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Tools for the Workshop

Aircraft Engineering and Aerospace Technology

ISSN: 0002-2667

Article publication date: 1 February 1952

Abstract

Today's high speed aircraft must have external surfaces as smooth as possible, and in order to reduce drag to a minimum it is usual to employ flush riveting for all external skin sheeting. Whilst this method of construction provides a basis for a smooth surface it is not in itself fully satisfactory, especially on a curved surface where there is no certainty that all the rivet heads lie flush with the surrounding skin sheeting. It is possible to attain a finish nearer to that desired by using an end milling tool on the rivet heads, but there is still a danger when using normal tools of this type that the surface of the sheeting will be damaged. Thus it has become necessary to provide a tool with which the likelihood of such damage is greatly reduced. The Short Rivet Milling Tool has been designed by Short Brothers and Harland Limited to overcome this problem. It can be used in conjunction with a portable power driven unit, e.g. a compressed air operated hand drill, and comprises a circumferential milling cutter, a cutter spindle, a housing containing bearings for supporting the spindle at right angles to the driving axis and an attachment to the power unit. Two guide rollers, one each side of the cutter, project very slightly and thus prevent the cutter from touching sheeting surrounding the rivet under treatment. Although these guides extend only 0.0005 in. this is sufficient to ensure that the cutter operates only on the rivet head. Varying widths of milling cutters may be fitted to the tool by withdrawing the cutter spindle and inserting spacing bushes of appropriate width. In operation the tool can be used for ‘rubbing down’ protuberances, in the same manner as a smoothing plane, with the drill shaft axis at an angle of about 60 deg. to the surface being worked upon. Exhaust air from the tool is collected internally and used for the dispersal of swarf.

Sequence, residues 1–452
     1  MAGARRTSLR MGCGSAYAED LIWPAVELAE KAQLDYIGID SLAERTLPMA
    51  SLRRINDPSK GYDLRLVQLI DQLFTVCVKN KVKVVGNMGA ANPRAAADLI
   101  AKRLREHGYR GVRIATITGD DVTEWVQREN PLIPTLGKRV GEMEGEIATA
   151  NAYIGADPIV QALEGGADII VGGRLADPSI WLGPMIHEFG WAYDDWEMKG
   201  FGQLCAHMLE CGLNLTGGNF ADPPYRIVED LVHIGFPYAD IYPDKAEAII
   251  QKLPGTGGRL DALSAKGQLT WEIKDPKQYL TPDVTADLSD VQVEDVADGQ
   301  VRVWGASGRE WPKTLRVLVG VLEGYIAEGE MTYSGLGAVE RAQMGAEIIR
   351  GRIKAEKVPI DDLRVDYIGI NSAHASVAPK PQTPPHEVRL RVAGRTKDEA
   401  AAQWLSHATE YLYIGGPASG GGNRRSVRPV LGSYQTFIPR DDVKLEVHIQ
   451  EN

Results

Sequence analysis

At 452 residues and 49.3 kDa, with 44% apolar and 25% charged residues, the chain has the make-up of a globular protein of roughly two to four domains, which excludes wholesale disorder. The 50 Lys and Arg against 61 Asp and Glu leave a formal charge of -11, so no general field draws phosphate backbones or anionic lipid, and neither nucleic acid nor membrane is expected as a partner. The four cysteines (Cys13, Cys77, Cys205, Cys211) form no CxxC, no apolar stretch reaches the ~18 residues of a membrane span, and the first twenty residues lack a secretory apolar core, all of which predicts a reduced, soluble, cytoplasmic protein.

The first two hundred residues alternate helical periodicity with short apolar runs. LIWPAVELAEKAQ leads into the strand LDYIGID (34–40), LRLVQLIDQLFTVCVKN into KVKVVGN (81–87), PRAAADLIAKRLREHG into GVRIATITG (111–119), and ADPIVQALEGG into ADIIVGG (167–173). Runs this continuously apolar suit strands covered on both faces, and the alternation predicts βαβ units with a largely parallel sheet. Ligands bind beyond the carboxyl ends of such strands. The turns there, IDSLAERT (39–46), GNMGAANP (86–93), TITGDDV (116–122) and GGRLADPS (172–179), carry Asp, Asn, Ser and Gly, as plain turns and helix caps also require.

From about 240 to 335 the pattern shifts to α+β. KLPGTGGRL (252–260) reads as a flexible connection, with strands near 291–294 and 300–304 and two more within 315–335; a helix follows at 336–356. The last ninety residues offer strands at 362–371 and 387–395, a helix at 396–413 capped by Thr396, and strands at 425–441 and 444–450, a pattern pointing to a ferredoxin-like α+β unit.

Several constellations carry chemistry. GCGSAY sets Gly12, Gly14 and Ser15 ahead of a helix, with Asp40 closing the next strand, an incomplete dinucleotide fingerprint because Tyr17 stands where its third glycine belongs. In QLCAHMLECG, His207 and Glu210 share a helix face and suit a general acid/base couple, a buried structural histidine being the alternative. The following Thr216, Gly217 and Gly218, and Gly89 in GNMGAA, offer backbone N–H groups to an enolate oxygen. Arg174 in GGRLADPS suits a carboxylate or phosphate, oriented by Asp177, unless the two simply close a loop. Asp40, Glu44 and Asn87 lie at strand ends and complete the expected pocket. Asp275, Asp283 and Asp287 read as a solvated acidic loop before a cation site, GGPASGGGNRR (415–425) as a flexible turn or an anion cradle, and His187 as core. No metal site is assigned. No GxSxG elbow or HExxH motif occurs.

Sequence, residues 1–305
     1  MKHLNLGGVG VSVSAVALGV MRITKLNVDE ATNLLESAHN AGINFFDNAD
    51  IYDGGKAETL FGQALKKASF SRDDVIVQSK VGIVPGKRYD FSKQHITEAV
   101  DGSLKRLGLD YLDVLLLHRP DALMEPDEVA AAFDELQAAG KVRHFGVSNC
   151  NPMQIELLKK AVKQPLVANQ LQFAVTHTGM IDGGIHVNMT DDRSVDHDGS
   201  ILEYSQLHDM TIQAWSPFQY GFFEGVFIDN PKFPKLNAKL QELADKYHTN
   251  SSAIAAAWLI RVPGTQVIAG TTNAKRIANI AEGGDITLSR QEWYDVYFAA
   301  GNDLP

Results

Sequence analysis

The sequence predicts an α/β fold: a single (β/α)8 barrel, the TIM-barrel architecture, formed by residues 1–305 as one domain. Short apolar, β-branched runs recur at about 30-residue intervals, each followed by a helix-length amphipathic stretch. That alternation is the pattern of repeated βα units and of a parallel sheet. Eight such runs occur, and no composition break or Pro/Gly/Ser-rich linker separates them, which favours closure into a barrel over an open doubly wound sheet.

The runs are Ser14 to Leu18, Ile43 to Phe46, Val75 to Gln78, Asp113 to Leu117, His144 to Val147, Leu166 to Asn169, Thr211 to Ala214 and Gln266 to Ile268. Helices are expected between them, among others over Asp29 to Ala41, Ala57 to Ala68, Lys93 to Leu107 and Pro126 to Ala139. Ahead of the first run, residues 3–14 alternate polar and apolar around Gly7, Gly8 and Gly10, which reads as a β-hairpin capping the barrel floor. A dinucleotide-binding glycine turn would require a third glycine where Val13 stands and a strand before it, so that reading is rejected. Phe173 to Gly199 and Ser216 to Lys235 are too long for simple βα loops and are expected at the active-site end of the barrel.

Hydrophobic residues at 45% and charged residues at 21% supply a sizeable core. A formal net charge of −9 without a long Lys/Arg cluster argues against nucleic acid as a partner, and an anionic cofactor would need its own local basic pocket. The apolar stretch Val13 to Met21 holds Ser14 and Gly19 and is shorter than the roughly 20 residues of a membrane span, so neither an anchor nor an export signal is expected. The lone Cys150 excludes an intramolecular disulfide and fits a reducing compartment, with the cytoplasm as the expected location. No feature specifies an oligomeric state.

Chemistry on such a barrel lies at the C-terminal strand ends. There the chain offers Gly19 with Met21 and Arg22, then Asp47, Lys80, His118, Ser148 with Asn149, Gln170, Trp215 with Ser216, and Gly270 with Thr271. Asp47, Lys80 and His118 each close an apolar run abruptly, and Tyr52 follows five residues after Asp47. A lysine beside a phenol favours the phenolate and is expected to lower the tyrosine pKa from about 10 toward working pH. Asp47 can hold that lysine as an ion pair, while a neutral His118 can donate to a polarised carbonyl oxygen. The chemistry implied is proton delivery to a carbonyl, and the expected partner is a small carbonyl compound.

Citation

(1952), "Tools for the Workshop", Aircraft Engineering and Aerospace Technology, Vol. 24 No. 2, pp. 57-57. https://doi.org/10.1108/eb032132

Publisher

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MCB UP Ltd

Copyright © 1952, MCB UP Limited